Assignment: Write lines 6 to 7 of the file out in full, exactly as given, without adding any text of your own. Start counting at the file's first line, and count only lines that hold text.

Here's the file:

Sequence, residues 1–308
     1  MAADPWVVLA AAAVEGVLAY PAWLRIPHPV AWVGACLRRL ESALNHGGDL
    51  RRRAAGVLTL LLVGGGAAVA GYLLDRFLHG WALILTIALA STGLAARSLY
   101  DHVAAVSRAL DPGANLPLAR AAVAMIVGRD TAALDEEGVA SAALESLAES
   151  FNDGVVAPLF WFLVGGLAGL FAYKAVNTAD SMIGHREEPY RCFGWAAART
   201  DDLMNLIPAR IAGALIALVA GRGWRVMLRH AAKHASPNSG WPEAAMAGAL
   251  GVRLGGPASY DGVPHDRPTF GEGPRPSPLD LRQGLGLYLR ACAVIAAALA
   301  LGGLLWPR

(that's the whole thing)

   201  DDLMNLIPAR IAGALIALVA GRGWRVMLRH AAKHASPNSG WPEAAMAGAL
   251  GVRLGGPASY DGVPHDRPTF GEGPRPSPLD LRQGLGLYLR ACAVIAAALA